I’ll admit, I’ve had a frustrating few game days. Unhappy with the idea that I’d have to kill 1,000 mobs to level I decided to mentor down a little and try some of my older quests. One of them took me into Solusek’s Eye, which is probably the coolest dungeon EVAR but is also a dungeon that spors dizzying views with instant death for the unwary mis-step. With my acrophobia that’s just not helpful at all; I’m at the stage where I can appreciate how neat the design is, but not yet at the stage where I can caper around on transparent walkways above molten hot mag-ma without feeling like I’m going to upchuck Christmas dinner. Unsure how to get from A to B, visible below me but unreachable, I eventually gave up.

A day later I unwittingly ended up in exactly the same place and trying to get to pretty much the same destination, only for another quest. Got there, looked again at the ramps I couldn’t reach and at the transparent stuff I’d have to run around on to figure it out, and went home. This, mind you, after 4 hours of doing the previous stages of that quest.

Like I said, my gaming world is currently made up of brick walls, and I have two black eyes and a nose bent out of shape to prove it.

Tried a third quest — also ended up in Solusek’s Eye. In the space of a week, Lavastorm has gone from one of my favourite zones to being a place I’ll quite happily never visit again, thank you very much. Tried a couple of quests in Sinking Sands instead, for a change of pace, but after 40 undead kills without a single drop I needed for a quest, I gave that up too. I may be old-school, but I despise the old-school kill rates. Don’t waste my time.

So, willy-nilly, I end up back in my level-appropriate content where, in the space of an hour, I’ve died 4 times, which is 4 times more than I’ve died in the past 15 levels or so. And I’ve managed about 4% of level.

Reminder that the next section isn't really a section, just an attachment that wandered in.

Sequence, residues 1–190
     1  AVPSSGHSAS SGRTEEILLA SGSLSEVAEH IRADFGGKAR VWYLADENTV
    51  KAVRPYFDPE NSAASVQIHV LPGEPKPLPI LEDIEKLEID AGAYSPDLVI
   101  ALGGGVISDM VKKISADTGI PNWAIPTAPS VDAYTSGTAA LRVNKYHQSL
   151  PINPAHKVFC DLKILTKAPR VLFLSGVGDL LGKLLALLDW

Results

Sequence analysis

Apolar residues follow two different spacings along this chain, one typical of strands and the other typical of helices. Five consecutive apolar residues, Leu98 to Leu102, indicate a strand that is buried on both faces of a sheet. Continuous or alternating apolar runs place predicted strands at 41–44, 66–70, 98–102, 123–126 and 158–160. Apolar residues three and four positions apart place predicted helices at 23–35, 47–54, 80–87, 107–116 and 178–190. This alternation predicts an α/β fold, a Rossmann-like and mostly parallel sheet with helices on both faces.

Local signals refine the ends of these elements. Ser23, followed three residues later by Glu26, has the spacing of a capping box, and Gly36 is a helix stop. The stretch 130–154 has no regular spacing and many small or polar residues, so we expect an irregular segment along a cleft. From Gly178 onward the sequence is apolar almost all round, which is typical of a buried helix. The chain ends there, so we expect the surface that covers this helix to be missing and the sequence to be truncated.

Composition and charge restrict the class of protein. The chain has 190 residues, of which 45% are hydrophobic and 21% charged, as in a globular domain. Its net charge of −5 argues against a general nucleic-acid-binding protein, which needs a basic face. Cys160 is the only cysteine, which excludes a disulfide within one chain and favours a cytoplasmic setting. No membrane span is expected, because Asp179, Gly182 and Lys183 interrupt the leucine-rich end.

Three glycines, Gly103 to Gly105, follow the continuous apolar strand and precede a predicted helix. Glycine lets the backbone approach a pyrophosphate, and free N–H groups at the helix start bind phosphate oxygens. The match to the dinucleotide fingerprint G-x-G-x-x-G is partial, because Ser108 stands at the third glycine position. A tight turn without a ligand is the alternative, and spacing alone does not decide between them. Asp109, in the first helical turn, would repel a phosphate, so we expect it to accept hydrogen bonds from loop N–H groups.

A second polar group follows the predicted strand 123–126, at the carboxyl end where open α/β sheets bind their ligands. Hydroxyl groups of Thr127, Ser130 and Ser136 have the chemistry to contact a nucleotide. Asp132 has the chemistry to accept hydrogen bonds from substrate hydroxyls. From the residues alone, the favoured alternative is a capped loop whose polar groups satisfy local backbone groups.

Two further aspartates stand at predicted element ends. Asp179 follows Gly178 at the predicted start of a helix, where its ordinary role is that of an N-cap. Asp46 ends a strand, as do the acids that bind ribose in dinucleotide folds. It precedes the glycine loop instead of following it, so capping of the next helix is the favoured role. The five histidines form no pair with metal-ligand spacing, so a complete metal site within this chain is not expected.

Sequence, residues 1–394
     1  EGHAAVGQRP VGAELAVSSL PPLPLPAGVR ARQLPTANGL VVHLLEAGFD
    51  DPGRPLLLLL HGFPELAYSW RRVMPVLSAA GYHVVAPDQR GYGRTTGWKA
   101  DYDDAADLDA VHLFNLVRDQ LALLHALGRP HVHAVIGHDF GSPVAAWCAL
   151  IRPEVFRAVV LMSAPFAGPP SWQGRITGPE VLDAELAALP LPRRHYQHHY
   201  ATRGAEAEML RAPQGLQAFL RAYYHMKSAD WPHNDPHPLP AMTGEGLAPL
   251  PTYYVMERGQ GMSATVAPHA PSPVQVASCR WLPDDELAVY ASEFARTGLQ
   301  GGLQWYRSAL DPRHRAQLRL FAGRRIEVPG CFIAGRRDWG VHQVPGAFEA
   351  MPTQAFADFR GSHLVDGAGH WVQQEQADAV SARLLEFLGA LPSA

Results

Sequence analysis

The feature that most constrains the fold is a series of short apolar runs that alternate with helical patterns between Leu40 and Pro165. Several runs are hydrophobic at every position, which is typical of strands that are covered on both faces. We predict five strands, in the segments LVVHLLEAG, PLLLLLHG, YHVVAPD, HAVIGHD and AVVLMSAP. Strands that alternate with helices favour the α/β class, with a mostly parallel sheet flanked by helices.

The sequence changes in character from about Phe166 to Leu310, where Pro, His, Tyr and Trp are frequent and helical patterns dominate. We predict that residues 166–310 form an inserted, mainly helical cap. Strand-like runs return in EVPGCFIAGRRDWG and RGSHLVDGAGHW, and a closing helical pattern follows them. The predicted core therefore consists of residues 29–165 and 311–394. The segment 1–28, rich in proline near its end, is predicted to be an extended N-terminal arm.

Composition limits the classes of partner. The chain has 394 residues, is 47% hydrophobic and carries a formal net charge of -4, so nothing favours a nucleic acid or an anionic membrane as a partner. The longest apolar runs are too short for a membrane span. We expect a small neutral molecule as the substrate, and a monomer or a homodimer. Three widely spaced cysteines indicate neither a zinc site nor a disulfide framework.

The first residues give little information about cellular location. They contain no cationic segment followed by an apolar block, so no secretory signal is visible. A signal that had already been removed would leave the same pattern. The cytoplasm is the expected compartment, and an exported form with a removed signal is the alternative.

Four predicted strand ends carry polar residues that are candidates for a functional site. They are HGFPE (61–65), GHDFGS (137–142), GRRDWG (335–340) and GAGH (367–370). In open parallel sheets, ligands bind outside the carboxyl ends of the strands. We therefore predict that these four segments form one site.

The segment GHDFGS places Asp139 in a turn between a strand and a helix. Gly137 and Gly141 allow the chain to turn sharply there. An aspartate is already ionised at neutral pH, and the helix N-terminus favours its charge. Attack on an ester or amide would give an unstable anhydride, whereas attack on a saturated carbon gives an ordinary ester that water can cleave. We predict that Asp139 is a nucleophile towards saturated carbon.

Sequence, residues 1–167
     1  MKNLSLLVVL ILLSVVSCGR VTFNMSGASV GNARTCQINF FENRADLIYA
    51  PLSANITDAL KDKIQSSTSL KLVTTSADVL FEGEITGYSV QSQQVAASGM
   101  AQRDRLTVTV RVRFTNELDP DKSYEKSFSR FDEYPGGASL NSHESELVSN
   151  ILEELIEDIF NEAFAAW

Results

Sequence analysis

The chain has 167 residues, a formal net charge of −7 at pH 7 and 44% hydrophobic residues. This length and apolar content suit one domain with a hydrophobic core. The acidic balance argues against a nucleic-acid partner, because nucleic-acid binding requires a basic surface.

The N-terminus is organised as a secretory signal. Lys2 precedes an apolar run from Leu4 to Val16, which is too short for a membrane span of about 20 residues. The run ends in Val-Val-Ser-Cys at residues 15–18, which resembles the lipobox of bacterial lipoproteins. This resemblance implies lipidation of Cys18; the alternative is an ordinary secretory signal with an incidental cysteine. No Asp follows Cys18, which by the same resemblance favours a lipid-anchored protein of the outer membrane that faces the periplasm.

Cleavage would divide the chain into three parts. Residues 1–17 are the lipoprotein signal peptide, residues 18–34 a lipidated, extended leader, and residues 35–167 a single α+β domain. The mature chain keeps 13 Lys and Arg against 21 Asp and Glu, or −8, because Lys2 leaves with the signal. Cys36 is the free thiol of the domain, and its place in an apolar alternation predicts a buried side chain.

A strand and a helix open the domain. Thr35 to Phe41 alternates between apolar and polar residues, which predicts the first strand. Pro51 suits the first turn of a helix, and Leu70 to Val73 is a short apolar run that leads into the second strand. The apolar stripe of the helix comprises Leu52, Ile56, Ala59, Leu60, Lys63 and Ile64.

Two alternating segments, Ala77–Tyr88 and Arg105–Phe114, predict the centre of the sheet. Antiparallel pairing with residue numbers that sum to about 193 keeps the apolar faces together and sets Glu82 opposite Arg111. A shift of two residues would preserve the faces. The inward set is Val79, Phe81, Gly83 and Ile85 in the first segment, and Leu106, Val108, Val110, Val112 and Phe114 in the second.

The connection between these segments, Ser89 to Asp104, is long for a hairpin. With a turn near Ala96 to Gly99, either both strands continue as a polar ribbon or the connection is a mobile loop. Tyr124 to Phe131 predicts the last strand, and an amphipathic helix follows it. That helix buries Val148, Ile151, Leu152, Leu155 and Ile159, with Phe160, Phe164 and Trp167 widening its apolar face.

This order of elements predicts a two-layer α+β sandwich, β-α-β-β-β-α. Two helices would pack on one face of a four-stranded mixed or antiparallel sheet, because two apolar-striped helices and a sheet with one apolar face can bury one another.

This is not fun. If it continues to be not fun, I’ll stop giving them my money. It’s that simple.

Yes, I’m whining somewhat. Frustration is part of gaming and venting is part of my blogging. If you don’t like it, go read something else.

In fact, I do know what happened: past 70, you’re supposed to be doing group content and working your way into raiding. I guess that makes this look like the tired old soloer’s complaint, but that’s not really it either. I’ve never objected to group content and I’ve never asked for group-content rewards. What I’m objecting to is not an increase in difficulty but rather the excessive increase in everything. Stuff is harder to do and takes longer and has very rapidly become a mind-numbing grind, because you have to do stuff over and over and over again to get a fraction of the progress you used to for the same amount of time and effort. It’s excessive.

And I’m only at level 73. I dread to think what 74-80 are going to be like, assuming I have the energy to try to get there. Right now, that’s not a given.

Launch Daze

I’ve finally realised that I’ve outgrown wanting to be around for launch days — be they for entire MMOs or just for events in said MMOs. Most of the time launch day is laggy or buggy, which latter will generally mean the servers get taken down for some emergency hotfixes, which means you either get to stand around lagging or wait around to get back online.

Most of the time playing on launch day is more waiting than playing, and more irritating than fun.

I’m sure there are lots of people out there who will tell me that nothing beats the excitement and the shiny-new, still wet with dev sweat smell. Well, not for me. I’m misanthropic enough to dislike the crowds of ravening fans, be they pixellated or standing in the street with me. Waiting in line for a movie to open? So not me. Waiting in line to get a book on launch day? Please. I wasn’t there when A Christmas Carol was published and it’s still a cracking good story.

It’ll all still be there tomorrow. It’s not as impossible to avoid spoilers as people seem to think (especially since I don’t have a cellphone umbilical, which means I really can get away from the rest of the world), and most spoilers aren’t much of a problem anyway. And you know what? It’ll taste just as good tomorrow, too.

In the meantime, those of you who love the crush and bother of such things can rest assured you’re one step closer to the front of the line since I’m not in it. Me, I’m going to check out EQ2’s new Frostfell event. It launched yesterday (or the day before, I forget) and should be both stable and somewhat less hysterical now.